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3 Ways to Build a Professional Brand Beyond Your Job Title

Career Column
A s an in-house lawyer, it can be easy to get into a reputational rut at work. After working at one company for a while, you become known merely as “so-and-so, from legal.” But there are great career benefits to building a reputation in your own right at work. By becoming more visible and memorable to your co-workers, beyond your department or title, you’ll be able to revitalize your career, access more opportunities, and make valuable connections. How can you start? Try these three simple ways to manage your reputation.

1. Answer greetings intentionally

Every “How are you?”, “How are you doing?”, “What’s up?”, or “What’s new?” is an opportunity to connect, share information, build your reputation, be useful, and stand out. We often answer these questions with the expected “Great,” “Good,” “Well,” and “Okay.” But to really make the most of small talk, consider a more complete or responsive answer.

For example, when someone asks “How are you?”, actually share a recent success: “I feel relieved! I just had an important meeting with the counsel of our big prospective client. While not everything went according to plan, my improvisation skills have improved and days of preparation have paid off. What’s new with you?” Note how in just one answer, you came across as transparent, hardworking, and pleasant. Make sure you don’t come across as boastful, and always make sure to ask about the other person — and actively, earnestly listen! This approach could help you get to know others better, become more relatable, develop mentorship relationships, encourage dialogue between departments, and improve communications among ranks.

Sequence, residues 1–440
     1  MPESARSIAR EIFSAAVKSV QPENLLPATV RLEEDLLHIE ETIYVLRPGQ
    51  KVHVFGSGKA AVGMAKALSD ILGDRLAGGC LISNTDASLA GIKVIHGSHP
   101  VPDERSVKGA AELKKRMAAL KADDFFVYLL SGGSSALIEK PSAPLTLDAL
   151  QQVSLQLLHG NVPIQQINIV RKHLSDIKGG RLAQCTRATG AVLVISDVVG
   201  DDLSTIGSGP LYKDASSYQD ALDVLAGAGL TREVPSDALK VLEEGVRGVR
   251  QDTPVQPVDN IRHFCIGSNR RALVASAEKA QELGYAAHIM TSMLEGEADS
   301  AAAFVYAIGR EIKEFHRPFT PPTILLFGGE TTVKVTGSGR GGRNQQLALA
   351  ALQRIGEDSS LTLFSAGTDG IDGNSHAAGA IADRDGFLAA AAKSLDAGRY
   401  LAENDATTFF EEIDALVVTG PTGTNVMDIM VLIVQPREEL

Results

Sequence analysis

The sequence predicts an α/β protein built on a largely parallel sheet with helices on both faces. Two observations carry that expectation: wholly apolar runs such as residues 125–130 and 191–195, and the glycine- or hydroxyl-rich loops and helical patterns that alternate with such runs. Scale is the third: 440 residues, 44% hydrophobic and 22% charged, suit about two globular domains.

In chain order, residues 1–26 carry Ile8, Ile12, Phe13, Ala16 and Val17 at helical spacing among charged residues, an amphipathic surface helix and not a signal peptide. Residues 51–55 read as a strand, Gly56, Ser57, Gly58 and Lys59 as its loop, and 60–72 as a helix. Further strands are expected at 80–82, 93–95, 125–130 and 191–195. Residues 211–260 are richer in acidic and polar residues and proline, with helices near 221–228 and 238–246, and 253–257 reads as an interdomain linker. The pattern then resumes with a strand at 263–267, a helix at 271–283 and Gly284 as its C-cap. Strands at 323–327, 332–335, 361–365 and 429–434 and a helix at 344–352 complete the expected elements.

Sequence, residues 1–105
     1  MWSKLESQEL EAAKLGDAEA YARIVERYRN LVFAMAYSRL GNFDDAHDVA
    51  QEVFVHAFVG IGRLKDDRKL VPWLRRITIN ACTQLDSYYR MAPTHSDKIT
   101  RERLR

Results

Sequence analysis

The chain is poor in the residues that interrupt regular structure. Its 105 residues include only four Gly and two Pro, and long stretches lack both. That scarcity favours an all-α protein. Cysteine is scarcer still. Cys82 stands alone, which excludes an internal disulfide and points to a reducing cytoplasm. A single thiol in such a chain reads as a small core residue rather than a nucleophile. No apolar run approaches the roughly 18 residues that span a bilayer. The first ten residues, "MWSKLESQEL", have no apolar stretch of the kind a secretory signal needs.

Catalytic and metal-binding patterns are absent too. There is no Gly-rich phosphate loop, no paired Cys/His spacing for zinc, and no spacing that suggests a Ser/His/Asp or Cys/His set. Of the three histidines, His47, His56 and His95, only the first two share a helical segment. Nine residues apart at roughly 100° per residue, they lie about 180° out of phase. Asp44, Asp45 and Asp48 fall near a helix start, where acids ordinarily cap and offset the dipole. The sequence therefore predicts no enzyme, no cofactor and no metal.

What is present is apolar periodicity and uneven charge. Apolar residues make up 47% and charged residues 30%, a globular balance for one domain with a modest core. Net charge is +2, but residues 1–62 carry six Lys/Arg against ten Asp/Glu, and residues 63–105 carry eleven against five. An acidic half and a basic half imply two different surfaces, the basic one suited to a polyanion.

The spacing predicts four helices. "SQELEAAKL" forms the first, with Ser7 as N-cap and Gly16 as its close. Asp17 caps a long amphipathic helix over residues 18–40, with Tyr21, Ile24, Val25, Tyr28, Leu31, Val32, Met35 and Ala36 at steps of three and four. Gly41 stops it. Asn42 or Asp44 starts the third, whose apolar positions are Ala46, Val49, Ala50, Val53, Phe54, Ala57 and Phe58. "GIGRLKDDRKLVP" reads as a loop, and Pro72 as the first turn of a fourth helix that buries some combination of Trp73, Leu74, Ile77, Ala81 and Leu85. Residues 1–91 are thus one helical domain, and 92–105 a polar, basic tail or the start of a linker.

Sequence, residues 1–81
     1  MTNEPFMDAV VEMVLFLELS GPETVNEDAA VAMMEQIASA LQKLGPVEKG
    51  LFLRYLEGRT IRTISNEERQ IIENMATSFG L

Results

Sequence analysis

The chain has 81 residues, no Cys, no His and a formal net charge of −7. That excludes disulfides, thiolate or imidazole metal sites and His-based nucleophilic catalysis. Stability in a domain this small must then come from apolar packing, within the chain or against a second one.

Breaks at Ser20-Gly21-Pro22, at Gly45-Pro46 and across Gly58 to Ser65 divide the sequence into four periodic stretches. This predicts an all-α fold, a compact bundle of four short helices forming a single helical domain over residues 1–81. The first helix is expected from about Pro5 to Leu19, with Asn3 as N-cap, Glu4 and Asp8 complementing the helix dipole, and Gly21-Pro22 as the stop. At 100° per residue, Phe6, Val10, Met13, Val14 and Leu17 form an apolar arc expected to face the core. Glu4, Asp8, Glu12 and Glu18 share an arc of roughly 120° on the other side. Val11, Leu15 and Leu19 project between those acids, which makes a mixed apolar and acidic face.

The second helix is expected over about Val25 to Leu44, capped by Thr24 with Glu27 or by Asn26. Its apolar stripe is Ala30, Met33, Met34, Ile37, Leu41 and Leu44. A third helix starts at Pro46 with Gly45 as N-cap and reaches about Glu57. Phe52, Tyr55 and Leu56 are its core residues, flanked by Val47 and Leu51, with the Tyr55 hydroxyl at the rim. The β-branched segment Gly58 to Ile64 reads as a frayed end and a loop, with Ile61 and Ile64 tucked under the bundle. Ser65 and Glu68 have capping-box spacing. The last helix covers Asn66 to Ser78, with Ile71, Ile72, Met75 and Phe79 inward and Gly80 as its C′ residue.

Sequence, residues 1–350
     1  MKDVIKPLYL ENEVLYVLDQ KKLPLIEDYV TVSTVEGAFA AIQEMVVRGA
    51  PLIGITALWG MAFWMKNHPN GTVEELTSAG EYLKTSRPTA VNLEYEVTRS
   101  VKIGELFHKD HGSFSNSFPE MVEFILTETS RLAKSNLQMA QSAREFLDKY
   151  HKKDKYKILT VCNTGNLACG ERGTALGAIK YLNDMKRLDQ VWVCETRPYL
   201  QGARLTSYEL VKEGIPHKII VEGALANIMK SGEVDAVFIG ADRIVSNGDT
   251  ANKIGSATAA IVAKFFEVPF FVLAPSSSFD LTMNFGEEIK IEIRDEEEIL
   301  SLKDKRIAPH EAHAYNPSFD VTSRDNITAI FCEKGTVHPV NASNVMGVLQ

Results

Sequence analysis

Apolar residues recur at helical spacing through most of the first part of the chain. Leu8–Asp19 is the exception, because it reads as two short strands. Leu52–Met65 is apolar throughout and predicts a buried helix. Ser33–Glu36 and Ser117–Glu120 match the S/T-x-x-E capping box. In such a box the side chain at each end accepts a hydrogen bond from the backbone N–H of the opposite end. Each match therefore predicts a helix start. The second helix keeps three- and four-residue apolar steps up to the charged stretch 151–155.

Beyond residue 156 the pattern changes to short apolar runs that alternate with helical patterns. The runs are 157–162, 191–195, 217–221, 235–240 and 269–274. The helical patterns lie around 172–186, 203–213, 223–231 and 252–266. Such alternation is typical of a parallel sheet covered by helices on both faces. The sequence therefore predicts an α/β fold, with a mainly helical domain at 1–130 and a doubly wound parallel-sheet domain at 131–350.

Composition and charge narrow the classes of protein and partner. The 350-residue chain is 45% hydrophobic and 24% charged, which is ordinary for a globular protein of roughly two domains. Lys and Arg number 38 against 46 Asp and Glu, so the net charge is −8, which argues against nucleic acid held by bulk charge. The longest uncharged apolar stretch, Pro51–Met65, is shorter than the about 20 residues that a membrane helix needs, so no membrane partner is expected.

[Related: 8 Keys to Become a Valuable and Trusted Resource to the C-suite]

Another great example response: “Two days ago, I presented a creative solution to the competitor litigation. Our GC appreciated my creativity and asked me if I would like to present it to the directors at the next board meeting. I have never presented to the board. Do you have any tips? I can certainly benefit from your amazing experiences.” By complimenting the other person and asking for their advice, you instantly make a connection, while making your co-worker feel valuable and appreciated.

2. Change your setting

It is not unusual for an in-house lawyer to feel isolated or stuck at a certain practice or problem.  Consider changing your setting by joining a cross-departmental corporate group, event, or initiative. Not only is this an opportunity to meet people outside your normal circles (and therefore, answer even more “How are you?” questions), it is also an opportunity to educate others about your skills, be helpful, and network without leaving your company’s campus. Once you have a discussion flowing, you will be amazed at what you will learn about the company and its direction, stakeholders, and perceptions.

[Related: Straight to In-house: P&G’s Tara Rosnell on Rising to the Ranks of Hiring Attorney]